This area of Duke's Park had another important feature - a beautiful bronze reproduction of Giambologna's 16th century Flying Mercury.


Well House and Flying Mercury circa 1909

Site of the Flying Mercury statue at Duke Farms, March 2015

06 May 2015

The Sourland Mountain Murder of Peter Nixon

According to Google Maps, it would take about four hours to walk from New Hope, Pa. to the heart of the Sourland Mountain in Hunterdon County - probably longer if you attempted the trek after dark. Neither the distance nor the rough terrain were enough to deter Benjamin Peterson, who set out from his New Hope home on the evening of May 29, 1878, armed with a musket loaded with broken nails, and a determination to kill Peter Nixon - and his own wife.


New York Evening Telegram, September 5, 1878

About seven months earlier, Peterson's nineteen-year-old daughter Lucinda went to live with Nixon as his housekeeper.  Some time later that winter, Peterson's wife decided to make a visit to the mountain to visit her daughter - she didn't return.

As winter turned to spring, Peterson was bothered by stories of his wife's past infidelities, and was justifiably suspicious of this new arrangement. Thoughts of revenge began to fill his mind. With his nerve bolstered and senses deadened by booze, the cuckolded husband wrote his intentions in a letter, slid it into a pocket, and began his journey.

He arrived at the cabin around 2 am. To Nixon's cries of "who's there?" Peterson answered "a friend, come down and open the door and you will see".

When Nixon opened the door, Peterson pressed the gun's muzzle at Nixon's temple and pulled the trigger. According to The New York Times, the ammunition "went through the left side of Nixon's forehead and came out at the top of the head, carrying pieces of the skull and brain with it."

Wakened by the gunshot, Lucinda escaped by way of a bedroom window, while the terrified Mrs. Peterson hid under the bid. When her husband discovered her hiding place, she jumped out and attempted to run past him. Peterson, having reloaded, fired, grazing her cheek. Thinking that he had delivered a mortal wound, he pulled out a knife, declaring, "wife, let us die together", before slashing at his windpipe in an unsuccessful suicide attempt.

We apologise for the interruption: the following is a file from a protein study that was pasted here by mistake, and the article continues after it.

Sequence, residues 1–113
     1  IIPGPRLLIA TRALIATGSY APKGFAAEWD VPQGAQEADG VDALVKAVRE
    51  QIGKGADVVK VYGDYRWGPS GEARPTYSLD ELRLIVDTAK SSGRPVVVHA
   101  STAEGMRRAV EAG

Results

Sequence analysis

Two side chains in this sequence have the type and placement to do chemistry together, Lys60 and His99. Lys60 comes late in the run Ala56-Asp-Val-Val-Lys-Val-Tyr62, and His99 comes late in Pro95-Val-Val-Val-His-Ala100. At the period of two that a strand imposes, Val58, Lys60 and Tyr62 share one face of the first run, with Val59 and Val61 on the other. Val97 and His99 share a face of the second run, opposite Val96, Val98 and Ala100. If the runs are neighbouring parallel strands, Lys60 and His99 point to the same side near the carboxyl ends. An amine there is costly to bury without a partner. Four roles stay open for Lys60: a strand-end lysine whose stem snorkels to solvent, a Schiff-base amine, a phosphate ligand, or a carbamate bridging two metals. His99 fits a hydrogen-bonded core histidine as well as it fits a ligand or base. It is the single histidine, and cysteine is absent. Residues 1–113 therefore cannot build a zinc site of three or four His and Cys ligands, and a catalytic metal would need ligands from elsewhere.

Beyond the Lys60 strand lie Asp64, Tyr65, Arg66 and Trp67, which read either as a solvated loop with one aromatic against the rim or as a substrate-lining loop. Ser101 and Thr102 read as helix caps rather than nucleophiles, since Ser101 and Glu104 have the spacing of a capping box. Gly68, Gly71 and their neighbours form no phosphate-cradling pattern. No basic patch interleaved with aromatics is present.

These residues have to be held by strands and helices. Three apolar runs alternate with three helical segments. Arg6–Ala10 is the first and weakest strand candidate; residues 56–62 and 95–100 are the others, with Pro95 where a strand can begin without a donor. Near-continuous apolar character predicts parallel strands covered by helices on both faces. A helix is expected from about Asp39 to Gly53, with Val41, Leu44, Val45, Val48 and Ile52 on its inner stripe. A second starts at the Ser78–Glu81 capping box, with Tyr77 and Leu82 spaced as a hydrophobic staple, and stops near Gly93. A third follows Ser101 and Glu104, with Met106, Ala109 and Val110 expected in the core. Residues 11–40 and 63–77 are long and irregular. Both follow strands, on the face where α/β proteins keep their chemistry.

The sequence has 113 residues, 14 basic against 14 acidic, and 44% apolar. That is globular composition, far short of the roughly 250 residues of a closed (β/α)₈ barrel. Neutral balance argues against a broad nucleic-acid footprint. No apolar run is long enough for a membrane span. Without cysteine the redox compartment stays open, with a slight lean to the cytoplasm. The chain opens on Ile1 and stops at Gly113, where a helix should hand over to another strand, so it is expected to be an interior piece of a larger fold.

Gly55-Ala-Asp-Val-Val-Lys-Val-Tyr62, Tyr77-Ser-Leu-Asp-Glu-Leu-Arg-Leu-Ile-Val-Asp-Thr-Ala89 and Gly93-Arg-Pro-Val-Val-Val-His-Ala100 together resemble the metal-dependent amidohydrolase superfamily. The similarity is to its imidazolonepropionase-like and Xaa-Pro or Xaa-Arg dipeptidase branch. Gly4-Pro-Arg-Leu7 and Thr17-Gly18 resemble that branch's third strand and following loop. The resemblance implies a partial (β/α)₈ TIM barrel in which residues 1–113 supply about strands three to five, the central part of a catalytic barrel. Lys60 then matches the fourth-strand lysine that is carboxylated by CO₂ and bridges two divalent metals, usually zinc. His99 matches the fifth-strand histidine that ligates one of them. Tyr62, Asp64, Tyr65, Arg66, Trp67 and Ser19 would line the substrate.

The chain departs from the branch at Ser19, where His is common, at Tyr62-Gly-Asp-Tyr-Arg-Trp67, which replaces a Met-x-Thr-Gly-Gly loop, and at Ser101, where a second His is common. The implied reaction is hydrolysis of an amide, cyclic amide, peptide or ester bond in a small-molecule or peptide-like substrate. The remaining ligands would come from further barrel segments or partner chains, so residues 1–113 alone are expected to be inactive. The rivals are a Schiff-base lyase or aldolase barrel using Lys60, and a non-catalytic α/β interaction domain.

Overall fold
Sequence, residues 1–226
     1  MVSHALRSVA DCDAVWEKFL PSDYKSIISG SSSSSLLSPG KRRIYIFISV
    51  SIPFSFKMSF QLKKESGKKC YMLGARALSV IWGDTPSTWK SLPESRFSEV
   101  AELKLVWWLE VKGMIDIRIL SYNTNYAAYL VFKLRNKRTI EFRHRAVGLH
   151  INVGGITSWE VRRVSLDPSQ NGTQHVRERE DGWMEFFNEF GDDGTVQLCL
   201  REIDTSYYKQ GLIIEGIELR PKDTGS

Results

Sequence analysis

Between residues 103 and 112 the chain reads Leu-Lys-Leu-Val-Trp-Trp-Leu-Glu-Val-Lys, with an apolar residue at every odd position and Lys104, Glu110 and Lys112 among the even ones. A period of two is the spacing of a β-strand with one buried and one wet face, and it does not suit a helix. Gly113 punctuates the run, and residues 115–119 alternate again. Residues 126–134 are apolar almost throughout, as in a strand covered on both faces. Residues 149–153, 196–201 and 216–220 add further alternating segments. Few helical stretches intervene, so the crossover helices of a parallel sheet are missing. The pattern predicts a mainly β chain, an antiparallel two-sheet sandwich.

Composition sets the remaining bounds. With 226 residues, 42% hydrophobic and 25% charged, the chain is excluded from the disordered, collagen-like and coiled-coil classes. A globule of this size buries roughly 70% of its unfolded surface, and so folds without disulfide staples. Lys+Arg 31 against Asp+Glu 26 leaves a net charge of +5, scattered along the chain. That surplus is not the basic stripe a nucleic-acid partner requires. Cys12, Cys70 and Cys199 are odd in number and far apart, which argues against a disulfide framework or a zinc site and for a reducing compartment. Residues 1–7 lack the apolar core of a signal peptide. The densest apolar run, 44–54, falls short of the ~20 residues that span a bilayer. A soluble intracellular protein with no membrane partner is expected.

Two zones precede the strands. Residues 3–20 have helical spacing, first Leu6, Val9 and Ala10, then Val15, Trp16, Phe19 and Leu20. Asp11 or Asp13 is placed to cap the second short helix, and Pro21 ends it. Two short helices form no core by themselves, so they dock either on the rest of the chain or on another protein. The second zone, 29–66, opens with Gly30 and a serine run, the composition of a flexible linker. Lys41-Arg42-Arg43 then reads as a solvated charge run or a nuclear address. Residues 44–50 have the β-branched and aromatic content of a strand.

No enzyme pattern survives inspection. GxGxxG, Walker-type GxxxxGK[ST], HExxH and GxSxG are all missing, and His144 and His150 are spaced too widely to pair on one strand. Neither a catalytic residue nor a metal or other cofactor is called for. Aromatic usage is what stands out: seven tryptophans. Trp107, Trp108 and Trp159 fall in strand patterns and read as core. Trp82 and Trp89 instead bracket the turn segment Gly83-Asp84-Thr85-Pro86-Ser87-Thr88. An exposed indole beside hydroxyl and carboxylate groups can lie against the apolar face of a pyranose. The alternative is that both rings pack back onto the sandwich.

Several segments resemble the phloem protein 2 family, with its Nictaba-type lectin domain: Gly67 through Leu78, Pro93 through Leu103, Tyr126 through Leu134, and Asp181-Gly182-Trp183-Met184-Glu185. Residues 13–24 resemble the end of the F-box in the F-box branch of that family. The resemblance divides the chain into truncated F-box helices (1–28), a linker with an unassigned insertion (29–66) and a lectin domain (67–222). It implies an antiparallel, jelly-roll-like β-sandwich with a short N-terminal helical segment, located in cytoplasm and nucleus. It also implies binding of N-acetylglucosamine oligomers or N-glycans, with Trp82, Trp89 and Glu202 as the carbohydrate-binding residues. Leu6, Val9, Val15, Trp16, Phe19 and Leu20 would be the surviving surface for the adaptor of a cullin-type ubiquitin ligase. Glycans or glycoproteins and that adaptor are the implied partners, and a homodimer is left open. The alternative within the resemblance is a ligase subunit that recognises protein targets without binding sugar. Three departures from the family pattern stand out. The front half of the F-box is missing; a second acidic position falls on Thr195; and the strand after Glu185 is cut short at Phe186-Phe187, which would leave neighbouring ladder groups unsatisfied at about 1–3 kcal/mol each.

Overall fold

Before Peterson's first court appearance in October, newspapers from Philadelphia to New York jumped on the sensational story, being sure to point out that both Nixon and Peterson were "negroes" or "colored", and that the Sourland Mountain region was awash in lawlessness. Here is how The New York Times began an October 14, 1878 story about the upcoming trial:

The Sowerland Mountain, a range of hills eight miles from here [Flemington], has long been a terror to the surrounding country on account of the dangerous character of the inhabitants.

Despite having found Peterson's letters detailing his murderous intentions, and the long walk from New Hope to Nixon's door, the jury concluded that there was still the possibility that this had been a crime of passion, and not a premeditated murder - narrowly sparing Peterson from the death penalty. Instead he was convicted of manslaughter and sentenced to ten years hard labor in the state prison.

02 May 2015

The Farnese Bull, Then and Now

This "Then and Now" surprised me.  Despite walking past the Farnese Bull dozens of times, I never noticed that at least two of the figures are completely missing!  The leftmost person has obviously disappeared, and if you look closely you may notice that a dog at the bottom right of the sculpture is also absent (along with the bull's right foreleg).
The Farnese Bull, postcard circa 1910

This impressive piece is a bronze copy of an early third century marble sculpture. Created from one solid piece of marble, the Roman sculpture was excavated in 1546 and, according to Wikipedia, is "the largest single sculpture ever recovered from antiquity to date."